Abstract # 5882 Event # 39:

Scheduled for Saturday, September 13, 2014 04:30 PM-04:45 PM: Session 10 (Henry Oliver) Oral Presentation


THE HYBRID DELAY TASK AND ASSESSMENTS OF SELF-CONTROL IN CAPUCHINS (SAPAJUS SPP.) AND CHIMPANZEES (PAN TROGLODYTES)

M. J. Beran1, T. A. Evans1, W. D. Hopkins1, E. Addessi2 and F. Paglieri2
1Georgia State University, Atlanta, GA, USA, 2Istituto di Scienze e Tecnologie della Cognizione, Rome, Italy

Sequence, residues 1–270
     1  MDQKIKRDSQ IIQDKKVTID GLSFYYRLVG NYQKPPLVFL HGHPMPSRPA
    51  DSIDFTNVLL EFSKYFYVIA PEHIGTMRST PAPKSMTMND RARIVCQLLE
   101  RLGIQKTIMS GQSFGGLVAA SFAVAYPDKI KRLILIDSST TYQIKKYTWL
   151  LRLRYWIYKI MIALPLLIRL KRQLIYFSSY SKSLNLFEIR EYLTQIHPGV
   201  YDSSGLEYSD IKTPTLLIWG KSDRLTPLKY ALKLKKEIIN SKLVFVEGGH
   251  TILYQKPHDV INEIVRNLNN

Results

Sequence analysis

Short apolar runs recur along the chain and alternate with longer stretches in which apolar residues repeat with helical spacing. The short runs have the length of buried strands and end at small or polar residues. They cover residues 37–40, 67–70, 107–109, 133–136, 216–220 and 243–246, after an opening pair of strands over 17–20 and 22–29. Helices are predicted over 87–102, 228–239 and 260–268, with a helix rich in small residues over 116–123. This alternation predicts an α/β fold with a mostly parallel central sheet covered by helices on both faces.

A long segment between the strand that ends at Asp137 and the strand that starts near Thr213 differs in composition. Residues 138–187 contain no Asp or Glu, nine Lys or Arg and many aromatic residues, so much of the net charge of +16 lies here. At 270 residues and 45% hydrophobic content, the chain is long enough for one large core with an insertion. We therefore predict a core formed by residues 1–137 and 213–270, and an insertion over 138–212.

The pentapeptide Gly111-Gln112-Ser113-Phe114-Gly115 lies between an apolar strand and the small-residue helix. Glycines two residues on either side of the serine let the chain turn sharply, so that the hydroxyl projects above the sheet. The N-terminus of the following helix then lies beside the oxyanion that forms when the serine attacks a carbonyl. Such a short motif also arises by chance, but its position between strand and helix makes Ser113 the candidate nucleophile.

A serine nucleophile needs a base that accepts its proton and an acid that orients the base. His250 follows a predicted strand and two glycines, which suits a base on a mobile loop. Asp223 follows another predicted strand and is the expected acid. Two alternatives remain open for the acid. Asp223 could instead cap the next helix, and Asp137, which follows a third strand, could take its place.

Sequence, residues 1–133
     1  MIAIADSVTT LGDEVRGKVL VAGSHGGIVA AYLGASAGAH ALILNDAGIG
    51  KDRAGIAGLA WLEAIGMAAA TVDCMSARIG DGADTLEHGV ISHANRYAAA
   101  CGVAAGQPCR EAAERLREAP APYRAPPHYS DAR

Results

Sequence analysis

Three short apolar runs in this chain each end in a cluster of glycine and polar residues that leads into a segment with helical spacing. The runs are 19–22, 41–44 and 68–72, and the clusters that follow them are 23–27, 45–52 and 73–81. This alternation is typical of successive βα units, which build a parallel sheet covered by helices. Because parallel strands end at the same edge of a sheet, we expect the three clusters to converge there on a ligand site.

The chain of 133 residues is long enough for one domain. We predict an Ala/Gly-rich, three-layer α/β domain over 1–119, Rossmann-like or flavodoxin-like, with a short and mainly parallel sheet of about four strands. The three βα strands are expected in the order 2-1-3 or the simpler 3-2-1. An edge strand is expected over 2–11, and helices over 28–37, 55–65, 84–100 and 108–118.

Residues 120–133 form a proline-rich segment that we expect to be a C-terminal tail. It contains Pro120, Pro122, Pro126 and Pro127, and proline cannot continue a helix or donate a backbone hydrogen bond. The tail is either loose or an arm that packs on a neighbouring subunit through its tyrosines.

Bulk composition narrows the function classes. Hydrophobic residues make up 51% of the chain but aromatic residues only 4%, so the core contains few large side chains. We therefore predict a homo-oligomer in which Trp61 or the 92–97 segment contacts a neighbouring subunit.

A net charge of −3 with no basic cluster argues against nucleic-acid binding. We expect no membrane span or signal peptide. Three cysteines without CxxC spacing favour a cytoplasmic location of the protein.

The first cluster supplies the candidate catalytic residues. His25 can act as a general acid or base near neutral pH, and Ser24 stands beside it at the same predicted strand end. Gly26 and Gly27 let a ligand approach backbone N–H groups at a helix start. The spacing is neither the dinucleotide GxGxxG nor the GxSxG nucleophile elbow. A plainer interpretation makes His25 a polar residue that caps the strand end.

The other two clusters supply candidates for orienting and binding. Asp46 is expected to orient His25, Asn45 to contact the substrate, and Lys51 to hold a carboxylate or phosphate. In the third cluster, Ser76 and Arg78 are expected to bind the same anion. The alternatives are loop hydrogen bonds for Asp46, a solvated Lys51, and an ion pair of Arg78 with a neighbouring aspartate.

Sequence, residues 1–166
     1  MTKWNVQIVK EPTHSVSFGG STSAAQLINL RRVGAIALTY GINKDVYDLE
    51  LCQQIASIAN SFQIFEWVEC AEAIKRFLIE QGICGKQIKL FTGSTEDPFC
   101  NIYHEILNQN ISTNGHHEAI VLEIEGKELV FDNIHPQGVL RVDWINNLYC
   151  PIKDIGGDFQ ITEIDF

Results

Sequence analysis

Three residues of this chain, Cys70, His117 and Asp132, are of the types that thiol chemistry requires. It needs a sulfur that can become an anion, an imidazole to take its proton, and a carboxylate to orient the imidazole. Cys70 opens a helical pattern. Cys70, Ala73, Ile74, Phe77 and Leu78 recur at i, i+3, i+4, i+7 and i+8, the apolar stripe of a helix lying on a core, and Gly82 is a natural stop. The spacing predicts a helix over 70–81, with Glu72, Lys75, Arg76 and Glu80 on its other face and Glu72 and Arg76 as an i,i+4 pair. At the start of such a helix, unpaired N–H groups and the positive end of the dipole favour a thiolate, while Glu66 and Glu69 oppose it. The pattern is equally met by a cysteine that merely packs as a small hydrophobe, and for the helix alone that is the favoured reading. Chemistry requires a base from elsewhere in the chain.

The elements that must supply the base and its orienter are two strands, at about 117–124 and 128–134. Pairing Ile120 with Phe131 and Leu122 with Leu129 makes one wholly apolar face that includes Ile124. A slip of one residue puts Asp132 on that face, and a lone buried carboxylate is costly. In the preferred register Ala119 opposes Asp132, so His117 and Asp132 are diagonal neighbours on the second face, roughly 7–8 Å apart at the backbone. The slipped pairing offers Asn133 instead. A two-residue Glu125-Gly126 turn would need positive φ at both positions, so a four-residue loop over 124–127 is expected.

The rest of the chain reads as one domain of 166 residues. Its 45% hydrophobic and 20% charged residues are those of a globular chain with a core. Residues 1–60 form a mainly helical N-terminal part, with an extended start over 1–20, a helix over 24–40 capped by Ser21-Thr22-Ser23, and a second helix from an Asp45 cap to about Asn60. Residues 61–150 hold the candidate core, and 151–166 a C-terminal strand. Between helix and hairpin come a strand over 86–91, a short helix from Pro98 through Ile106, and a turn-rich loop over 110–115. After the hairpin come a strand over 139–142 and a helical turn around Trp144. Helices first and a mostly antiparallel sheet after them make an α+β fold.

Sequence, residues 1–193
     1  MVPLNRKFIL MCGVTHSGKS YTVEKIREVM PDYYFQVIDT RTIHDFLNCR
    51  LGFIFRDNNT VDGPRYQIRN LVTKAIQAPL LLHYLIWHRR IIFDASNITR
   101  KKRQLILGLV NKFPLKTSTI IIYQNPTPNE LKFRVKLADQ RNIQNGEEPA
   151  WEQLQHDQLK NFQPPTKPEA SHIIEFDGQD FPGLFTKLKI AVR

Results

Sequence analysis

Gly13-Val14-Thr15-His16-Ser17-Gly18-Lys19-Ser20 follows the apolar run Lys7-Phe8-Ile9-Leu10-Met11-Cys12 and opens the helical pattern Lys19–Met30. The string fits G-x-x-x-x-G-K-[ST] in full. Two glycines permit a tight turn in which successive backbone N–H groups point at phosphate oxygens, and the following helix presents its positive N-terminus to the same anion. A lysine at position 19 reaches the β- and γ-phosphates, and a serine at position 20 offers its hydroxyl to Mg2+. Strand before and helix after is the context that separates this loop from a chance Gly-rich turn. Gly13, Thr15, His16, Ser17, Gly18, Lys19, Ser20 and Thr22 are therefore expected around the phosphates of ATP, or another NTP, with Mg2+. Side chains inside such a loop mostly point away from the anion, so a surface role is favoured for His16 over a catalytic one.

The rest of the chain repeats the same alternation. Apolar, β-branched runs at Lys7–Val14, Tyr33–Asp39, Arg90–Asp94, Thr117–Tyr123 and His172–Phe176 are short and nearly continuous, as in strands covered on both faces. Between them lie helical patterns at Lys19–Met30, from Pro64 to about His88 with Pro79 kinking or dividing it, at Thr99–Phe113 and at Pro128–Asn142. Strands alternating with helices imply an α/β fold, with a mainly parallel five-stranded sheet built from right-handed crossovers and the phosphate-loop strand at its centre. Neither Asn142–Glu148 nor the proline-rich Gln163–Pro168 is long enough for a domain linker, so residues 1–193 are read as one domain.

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     Inter-temporal choice tasks present smaller-sooner (SS) and larger-later (LL) options to assess self-control. Traditionally, the choices are presented as arbitrary stimuli. However, some research teams have instead presented food arrays as the choice options, and this introduces two problems: 1) choices of the LL option could result from animals’ difficulty with pointing to smaller amounts of food rather than reflect self-control; 2) there is no way to verify whether subjects would abandon their choice of the LL option at any time during the ensuing delay. The hybrid delay task combines the initial ITC choice with a subsequent accumulation phase in which selection of the SS option leads to its immediate delivery, but choice of the LL option then leads to one-by-one accumulation of those items that continues only as long as the subject does not eat the accumulated items. Choice of the LL option therefore only reflects self-control when the number of items obtained during the accumulation phase is higher than what was in the SS option. Data from capuchin monkeys (N = 18) indicated that previous ITC tasks may have over-estimated their general self-control abilities whereas data from chimpanzees (N = 19) demonstrated that their choices for the LL option in the ITC phase of the task often were matched by their ability to sustain delay of gratification during the accumulation phase.